Consultation Paper on Civil Partnerships in Religious Premises
The government has issued a consultation paper on the proposals to extend the registration of civil partnerships to religious premises.
The paper invites interested parties to feedback on the proposals that the government has on how this move should be implemented. Of particular interest to the Church of England is the rules as to how religious bodies decide whether or not to allow their premises to be used to register civil partnerships.
- Each individual application to the local authority seeking approval to host civilÂ partnership registrations on a particular religious premises must demonstrateÂ that it is being made with the consent of the faith group concerned (expressedÂ by its specified person or body, see below), or clearly state that no such consentÂ is required.
- Faith groups that wish to control what happens on all their religious premisesÂ will be able to specify the person or body who decides whether or not inÂ principle to permit civil partnerships to be registered on its premises.
- Faith groups may choose to ask for this person or body to be individuallyÂ named in advance, but it will not be essential to do so. A faith group will beÂ able to decide who this person or body is when it first comes to considerÂ whether or not to give consent to an application for approval to host civilÂ partnership registrations on one of its premises.
- The faith groupâ€™s specified person or body will be able to give generalÂ consent covering all its religious premises or give specific consent to individualÂ applications for particular religious premises to become an approved premisesÂ for hosting civil partnership registrations. It is through giving consent that theÂ faith group would â€˜opt inâ€™. A faith group that did not wish to opt in would notÂ give consent.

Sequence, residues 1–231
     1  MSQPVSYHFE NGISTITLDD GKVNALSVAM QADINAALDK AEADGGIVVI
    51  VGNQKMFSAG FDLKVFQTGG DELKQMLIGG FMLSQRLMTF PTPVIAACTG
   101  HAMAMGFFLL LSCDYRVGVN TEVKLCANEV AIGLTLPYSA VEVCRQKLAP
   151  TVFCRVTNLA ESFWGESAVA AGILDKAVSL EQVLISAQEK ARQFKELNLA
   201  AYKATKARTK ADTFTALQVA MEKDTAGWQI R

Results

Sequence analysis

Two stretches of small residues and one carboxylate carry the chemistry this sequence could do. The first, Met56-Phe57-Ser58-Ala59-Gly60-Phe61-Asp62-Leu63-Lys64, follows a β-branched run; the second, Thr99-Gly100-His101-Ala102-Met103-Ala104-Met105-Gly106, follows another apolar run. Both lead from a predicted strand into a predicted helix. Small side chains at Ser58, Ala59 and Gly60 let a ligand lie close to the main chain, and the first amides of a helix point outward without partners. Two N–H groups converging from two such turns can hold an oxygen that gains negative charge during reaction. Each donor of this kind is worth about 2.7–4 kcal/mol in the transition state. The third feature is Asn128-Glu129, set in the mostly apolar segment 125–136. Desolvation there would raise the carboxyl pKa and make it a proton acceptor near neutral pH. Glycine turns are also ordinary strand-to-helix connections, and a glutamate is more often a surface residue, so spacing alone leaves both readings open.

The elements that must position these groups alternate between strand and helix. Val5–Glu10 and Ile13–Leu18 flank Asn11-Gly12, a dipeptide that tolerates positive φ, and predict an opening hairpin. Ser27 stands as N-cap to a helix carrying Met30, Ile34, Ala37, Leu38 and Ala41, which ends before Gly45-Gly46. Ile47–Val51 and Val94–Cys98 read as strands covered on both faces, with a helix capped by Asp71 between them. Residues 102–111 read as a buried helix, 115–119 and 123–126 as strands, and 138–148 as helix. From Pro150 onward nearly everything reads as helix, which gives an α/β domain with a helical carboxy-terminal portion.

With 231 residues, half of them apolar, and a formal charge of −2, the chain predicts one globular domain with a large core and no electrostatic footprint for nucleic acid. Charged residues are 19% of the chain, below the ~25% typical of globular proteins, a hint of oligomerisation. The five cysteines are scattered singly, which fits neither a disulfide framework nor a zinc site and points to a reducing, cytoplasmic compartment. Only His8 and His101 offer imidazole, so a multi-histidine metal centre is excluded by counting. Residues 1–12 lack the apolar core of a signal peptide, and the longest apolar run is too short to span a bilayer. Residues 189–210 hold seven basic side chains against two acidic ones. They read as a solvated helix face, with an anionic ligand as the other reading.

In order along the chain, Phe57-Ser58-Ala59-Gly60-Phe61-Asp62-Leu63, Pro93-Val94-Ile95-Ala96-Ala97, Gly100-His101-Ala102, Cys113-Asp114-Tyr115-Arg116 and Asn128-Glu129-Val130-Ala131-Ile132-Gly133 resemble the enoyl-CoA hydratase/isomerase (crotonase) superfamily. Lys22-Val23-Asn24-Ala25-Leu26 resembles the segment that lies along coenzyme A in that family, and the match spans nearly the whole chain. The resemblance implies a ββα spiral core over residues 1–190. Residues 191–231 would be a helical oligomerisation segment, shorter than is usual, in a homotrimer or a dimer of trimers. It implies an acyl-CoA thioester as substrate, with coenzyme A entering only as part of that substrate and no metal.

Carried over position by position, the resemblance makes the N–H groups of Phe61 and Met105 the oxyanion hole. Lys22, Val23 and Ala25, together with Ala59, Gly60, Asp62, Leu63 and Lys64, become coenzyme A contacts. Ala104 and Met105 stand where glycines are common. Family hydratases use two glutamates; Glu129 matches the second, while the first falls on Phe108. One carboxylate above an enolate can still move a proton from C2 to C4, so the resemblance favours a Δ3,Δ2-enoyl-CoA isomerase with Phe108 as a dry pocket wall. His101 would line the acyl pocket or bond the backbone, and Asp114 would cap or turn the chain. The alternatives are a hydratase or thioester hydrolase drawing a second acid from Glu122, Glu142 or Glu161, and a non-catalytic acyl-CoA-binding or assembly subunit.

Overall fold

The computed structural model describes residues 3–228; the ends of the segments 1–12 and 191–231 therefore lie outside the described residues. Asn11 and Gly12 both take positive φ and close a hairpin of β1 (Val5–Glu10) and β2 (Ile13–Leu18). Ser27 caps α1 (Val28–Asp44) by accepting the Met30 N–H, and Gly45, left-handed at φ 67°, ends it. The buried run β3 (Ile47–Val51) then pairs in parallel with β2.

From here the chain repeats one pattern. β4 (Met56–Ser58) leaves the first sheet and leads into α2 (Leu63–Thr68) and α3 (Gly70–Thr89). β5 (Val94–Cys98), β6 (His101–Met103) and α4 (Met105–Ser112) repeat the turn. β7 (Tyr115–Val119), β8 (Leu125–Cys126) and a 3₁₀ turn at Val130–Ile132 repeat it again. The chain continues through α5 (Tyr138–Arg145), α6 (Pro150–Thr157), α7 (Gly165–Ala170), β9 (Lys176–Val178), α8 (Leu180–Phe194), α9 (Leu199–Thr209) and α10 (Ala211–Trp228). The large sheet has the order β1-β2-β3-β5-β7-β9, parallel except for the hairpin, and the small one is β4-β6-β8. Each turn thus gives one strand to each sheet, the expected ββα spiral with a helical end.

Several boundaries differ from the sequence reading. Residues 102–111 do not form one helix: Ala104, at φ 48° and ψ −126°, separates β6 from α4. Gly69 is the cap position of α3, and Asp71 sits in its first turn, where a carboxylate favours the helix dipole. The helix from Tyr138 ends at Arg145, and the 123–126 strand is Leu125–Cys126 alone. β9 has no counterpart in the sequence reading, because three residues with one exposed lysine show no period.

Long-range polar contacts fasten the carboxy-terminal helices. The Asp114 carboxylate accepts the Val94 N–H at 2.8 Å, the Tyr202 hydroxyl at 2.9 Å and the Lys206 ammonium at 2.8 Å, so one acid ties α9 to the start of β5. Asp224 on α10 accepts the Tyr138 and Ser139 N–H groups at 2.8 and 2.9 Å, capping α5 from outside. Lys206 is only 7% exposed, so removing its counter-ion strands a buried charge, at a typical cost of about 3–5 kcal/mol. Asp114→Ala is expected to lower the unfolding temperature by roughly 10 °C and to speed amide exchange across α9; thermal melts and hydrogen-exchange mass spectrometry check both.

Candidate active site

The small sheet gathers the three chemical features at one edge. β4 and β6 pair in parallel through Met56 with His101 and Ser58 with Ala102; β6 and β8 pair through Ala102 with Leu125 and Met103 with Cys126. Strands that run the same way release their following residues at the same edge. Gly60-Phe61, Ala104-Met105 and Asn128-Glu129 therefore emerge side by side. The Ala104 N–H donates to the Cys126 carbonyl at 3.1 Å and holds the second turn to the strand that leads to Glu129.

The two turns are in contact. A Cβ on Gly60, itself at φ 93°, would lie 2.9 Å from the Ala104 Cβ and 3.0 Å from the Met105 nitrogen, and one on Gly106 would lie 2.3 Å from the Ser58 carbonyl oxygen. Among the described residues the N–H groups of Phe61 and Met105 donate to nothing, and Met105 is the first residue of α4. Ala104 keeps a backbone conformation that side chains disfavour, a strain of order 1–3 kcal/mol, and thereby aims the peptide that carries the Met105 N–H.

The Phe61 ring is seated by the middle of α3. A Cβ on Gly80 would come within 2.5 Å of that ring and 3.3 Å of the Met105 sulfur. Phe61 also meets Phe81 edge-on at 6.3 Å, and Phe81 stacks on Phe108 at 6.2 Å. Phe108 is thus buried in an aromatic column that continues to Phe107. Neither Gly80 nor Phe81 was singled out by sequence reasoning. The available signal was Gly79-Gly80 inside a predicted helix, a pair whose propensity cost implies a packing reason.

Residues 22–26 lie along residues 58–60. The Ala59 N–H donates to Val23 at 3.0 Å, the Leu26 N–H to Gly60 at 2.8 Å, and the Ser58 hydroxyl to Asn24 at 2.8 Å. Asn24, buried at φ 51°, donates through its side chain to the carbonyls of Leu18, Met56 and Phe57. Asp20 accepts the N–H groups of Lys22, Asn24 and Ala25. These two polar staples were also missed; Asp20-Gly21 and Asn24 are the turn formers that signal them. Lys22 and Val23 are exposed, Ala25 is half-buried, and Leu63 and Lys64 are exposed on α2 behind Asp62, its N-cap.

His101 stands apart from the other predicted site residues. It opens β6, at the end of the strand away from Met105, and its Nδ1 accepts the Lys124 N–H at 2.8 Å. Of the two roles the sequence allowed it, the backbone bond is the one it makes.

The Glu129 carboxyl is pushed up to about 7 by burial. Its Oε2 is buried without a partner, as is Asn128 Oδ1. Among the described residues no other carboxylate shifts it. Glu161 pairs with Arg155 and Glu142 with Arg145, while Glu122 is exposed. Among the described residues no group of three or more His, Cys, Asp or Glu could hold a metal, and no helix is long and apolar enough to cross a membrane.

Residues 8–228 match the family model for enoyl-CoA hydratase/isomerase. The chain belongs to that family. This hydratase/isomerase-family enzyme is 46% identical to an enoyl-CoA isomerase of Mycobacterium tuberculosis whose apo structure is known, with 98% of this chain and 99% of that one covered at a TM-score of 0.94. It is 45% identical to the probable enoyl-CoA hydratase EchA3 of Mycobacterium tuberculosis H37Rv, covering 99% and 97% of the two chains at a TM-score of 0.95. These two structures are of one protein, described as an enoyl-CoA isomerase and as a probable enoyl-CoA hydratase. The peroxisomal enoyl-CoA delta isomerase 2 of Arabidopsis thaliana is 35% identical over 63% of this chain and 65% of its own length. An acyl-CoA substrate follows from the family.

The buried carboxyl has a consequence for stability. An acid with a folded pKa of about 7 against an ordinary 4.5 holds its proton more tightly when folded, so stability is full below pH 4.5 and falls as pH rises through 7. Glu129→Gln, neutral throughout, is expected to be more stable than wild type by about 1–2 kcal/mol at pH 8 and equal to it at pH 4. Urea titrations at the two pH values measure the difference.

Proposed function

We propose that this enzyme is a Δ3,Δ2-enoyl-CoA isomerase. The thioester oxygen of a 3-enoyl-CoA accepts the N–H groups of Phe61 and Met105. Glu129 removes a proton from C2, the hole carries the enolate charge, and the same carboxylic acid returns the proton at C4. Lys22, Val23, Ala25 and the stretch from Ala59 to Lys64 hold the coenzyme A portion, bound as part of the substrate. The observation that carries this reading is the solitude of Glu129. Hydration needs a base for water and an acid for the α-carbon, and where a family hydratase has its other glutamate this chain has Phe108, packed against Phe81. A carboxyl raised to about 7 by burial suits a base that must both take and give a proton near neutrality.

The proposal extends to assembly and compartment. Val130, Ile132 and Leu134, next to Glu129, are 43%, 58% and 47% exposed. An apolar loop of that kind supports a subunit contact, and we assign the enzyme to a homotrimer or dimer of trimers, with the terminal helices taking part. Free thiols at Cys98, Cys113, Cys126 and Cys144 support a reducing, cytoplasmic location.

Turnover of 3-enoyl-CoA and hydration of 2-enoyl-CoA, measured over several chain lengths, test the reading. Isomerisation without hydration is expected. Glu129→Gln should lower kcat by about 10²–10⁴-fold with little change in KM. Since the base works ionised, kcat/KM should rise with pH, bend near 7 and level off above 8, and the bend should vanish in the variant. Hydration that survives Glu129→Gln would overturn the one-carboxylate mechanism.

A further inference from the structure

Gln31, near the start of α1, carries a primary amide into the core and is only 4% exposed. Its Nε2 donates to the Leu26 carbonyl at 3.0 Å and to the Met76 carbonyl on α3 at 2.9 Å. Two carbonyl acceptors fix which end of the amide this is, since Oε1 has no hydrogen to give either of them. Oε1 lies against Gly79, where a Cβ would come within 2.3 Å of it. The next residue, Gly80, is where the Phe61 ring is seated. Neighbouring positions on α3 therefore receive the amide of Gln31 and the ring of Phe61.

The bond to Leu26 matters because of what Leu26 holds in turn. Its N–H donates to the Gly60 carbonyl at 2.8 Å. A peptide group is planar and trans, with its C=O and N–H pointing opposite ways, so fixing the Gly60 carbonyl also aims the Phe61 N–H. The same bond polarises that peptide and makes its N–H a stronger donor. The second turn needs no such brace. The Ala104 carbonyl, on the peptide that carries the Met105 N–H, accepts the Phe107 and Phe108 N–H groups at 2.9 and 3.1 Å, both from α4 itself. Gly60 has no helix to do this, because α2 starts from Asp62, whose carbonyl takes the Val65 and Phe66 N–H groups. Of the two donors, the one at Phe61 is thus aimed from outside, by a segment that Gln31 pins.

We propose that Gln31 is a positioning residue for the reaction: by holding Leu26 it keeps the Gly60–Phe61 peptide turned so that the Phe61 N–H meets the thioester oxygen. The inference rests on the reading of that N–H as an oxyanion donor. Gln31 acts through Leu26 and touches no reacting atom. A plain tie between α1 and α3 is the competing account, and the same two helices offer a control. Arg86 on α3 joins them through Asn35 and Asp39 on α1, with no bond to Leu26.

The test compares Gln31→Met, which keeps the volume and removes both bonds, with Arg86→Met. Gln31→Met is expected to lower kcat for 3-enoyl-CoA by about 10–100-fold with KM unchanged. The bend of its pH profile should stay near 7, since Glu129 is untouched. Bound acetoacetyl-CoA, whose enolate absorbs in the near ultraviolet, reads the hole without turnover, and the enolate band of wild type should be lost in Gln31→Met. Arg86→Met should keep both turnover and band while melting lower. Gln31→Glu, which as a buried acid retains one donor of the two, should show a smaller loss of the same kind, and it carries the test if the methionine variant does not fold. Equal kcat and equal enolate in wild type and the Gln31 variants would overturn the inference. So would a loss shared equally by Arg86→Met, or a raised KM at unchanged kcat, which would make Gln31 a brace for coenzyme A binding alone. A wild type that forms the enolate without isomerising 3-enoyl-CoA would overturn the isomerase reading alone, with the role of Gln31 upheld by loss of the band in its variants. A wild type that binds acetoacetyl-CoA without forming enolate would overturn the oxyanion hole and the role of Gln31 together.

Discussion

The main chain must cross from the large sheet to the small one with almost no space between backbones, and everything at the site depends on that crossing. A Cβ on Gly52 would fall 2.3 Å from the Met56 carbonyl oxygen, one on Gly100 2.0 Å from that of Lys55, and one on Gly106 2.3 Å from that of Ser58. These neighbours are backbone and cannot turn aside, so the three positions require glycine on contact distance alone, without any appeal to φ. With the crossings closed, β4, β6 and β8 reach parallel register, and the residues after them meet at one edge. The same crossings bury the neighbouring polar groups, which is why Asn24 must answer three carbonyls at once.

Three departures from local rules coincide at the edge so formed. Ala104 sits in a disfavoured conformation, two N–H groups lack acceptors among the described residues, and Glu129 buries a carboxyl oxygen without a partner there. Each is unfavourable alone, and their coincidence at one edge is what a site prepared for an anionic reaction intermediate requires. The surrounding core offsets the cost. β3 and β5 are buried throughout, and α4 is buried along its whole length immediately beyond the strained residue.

- A period is allowed for public inspection of, and objections to the local authorityÂ to, each application. This will provide an opportunity for any queries about theÂ consent of the appropriate specified person or body having been obtained forÂ particular premises to be made to the faith group concerned.â€¢ The local authority would turn down applications which required, but did notÂ have, a faith groupâ€™s consent.
- Faith groups will be able withdraw their consent to their premises being used toÂ host civil partnership registrations. This will result in the local authority revokingÂ the approval of the relevant premises.
The key issue is how far down the food-chain (as it were) one defines a “faith group”? Given that all parochial church councils are now individual charities, might a freeholder get away with arguing that his/her church is a “religious body” of its own?
And yes, religious bodies are allowed to discipline clergy who disobey the rules in this regard (i.e. who go ahead and register their church for civil partnerships when the Bishop says “no”), but what about the grey areas? As I highlighted two months ago, there is a question as to the participation of Church of England clergy as registrars in other religious group’s services in this regard. What if a Church of England priest officiated as a registrar in a Quaker meeting place to register a civil partnership and then conducted a service afterwards, blessing or otherwise? How would that interact with Canon B43?